ON CAMPUS: GCCC meeting the challenge
By ELAINE SERAFIN
By ELAINE SERAFIN
Over the past 30 years, many rural communities have experienced devastating declines in their economies and, subsequently, their overall populations. In contrast, Finney County has realized significant economic growth over the past 20 years. This was not because of fated favoritism, nor a random stroke of luck. Rather, it is the result of the proud, hard-working and dedicated residents of this community along with the exceptional leaders who have been entrusted to envision and oversee the community's future. In other words, Finney County's successes have not been accidental, but due to progressive planning and foresight.
One of the more recent examples of this visionary and proactive leadership was in 2005, when the county commissioned the Policom Corp. to conduct a study of the local economy and develop an economic development plan to carry Finney County into the future. William Fruth, principal researcher and president of Policom, established the following objective:
"It is the goal of the Finney County community to diversify the local economy, cause it to grow in size, and significantly improve its quality over the next 20 years." This plan was subsequently adopted by the community and listed a series of specific goals and detailed the tasks required to accomplish them. This is where Garden City Community College comes into the picture.
With the purpose of availing local businesses of a trained or trainable workforce, GCCC was assigned the task of "developing a comprehensive worker training system which has the ability to create and fund customized training programs for qualified primary businesses."
The plan recommended that the college create more programs like the existing Industrial Ammonia Refrigeration Training Program and the newly created Culinary Management Program.
GCCC Ammonia Refrigeration
GCCC's Ammonia Refrigeration program was the first hands-on ammonia refrigeration training program in the country. The one-week, accredited course provides three college credit hours and draws added interest to the college. Global corporations such as Anheuser-Busch Inc., Coca-Cola Bottling Co., Ben and Jerry's Ice Cream, Sara Lee Foods, ConAgra Foods and Tyson Prepared Foods are just a few of the 500-plus companies using the GCCC Ammonia Refrigeration program to train its employees. As a result, additional monies are imported to the local economy and air traffic is increased at the airport. In keeping with GCCC's mission to produce positive contributors to the economic and social well-being of society, as well as to complete the assigned economic development task, GCCC has created several programs to meet the workforce needs of the region's business and industries. For example, the Nursing & Allied Health, Criminal Justice, EMT, Fire Science, John Deere, CDL and Welding programs all accommodate industry's needs for workers who have been trained and certified in these careers via Garden City Community College.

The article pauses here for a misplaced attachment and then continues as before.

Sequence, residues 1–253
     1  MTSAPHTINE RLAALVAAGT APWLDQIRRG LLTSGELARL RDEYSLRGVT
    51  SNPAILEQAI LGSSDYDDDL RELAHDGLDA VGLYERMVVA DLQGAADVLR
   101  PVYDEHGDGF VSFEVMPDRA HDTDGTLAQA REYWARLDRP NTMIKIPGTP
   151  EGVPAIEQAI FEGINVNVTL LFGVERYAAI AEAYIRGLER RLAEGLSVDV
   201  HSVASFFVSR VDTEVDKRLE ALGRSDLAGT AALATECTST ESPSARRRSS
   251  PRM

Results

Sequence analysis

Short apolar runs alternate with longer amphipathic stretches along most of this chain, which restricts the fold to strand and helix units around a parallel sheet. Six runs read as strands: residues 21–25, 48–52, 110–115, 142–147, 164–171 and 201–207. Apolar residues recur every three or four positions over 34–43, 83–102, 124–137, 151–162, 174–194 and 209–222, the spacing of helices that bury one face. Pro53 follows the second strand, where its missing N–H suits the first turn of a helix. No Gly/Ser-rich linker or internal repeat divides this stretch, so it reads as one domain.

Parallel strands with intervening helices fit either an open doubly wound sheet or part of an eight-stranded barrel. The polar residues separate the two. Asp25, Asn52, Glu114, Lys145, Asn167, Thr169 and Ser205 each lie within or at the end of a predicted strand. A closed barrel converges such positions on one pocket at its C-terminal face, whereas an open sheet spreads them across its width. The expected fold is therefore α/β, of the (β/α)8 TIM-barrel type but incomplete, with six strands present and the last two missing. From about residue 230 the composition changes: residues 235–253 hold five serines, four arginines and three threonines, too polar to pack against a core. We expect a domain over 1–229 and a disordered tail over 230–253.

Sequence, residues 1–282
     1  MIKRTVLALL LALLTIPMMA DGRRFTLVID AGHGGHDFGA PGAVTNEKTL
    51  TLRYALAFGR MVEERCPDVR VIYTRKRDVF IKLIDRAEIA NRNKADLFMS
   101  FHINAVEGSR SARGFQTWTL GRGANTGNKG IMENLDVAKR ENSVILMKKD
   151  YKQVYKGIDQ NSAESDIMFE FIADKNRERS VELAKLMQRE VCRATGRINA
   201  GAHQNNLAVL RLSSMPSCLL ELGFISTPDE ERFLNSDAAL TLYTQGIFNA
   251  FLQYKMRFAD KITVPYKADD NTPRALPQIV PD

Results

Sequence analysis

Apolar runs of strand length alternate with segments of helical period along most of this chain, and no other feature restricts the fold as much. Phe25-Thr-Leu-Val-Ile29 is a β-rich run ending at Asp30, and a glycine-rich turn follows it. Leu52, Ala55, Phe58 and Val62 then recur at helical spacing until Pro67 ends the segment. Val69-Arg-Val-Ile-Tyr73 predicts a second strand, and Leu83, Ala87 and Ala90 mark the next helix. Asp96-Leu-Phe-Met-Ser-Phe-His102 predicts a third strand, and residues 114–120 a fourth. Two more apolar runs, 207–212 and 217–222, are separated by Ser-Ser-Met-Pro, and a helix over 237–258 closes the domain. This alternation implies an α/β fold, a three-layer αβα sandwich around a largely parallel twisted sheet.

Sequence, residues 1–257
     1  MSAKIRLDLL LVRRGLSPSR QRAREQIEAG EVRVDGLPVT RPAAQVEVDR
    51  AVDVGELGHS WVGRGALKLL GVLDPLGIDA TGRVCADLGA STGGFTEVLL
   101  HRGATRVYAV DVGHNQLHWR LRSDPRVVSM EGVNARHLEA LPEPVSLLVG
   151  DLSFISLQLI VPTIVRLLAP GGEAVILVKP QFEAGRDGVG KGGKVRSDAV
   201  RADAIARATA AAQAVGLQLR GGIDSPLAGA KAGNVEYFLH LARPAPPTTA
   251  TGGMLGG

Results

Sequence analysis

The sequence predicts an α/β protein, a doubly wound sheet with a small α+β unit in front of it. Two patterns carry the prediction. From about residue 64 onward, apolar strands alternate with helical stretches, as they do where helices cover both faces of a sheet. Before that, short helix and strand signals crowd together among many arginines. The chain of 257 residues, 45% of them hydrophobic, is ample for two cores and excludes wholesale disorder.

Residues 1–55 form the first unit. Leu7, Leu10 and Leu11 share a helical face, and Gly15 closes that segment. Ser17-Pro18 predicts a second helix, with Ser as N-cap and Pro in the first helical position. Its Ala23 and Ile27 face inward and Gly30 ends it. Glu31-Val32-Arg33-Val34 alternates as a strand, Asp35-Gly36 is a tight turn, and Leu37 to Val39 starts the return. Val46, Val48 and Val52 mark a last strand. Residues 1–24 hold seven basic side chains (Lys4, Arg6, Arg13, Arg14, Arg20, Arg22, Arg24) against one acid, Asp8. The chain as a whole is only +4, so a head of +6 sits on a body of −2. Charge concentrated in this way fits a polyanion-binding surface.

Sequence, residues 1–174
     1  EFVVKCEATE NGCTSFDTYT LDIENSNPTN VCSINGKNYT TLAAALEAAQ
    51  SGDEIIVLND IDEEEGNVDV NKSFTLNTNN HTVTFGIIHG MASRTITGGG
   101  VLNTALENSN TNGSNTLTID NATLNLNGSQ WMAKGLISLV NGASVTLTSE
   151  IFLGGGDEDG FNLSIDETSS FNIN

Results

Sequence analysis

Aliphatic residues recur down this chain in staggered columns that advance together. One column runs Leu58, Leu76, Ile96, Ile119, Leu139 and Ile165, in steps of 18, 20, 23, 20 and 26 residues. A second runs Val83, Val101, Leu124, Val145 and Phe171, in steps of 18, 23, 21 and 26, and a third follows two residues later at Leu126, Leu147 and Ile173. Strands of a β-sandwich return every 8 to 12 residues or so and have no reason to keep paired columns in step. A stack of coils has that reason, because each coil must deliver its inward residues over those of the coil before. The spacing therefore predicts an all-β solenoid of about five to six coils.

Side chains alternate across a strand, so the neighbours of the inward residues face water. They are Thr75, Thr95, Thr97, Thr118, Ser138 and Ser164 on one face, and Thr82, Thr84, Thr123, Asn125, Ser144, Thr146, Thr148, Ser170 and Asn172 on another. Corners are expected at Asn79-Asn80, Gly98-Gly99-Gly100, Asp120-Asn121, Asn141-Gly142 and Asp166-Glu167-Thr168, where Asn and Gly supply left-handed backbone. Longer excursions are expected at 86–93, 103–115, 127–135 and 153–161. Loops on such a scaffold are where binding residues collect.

Finney County also has done an amazing job of exceeding the goals set forth in the economic development plan and continues to search for opportunities that will continuously strengthen overall economic conditions and improve the vitality of the community. As new business and industry are recruited to the area, hundreds of jobs are being created.
As the college remains responsive to this ever-changing economic environment and seeks to fulfill the needs of the community, new career training programs are developed. Workforce projections made by the Economic Modeling Specialist International agency indicate that from now until 2022, first-line culinary supervisors and serving worker occupations will grow by 11.1 percent in southwest Kansas, southeast Colorado and the Oklahoma and Texas Panhandles. EMSI data also shows more than 150 culinary job openings annually in this region.
GCCC recently received approval from the Kansas Board of Regents to initiate a Culinary Management Program. The program prepares students to manage a restaurant kitchen or catering operation. Instruction provides hands-on experience in planning, supervising and managing food and beverage preparation; menu preparation; culinary health and safety; cost control; purchasing; problem solving; personnel management; event planning; and knowledge of applicable laws and regulations.
Culinary management students will receive an associate in applied science degree after completing the program's 67 credit hours. The new program also allows students to exit after one year with a Culinary Manager Assistant certificate.
Upon completion of the culinary program, students will be able to demonstrate customer service skills and professional and ethical conduct according to industry standards, apply proper safety and sanitation principles to meet industry standards and governmental regulations, and use leadership and management skills in all settings, including event catering.
As southwest Kansas continues to excel and grow, the taxpayers can be assured that GCCC is taking notice, expanding its program offerings and preparing the working public for future success. Enrollment for the spring 2014 semester opens today, so if you're looking for a new career, please enroll now.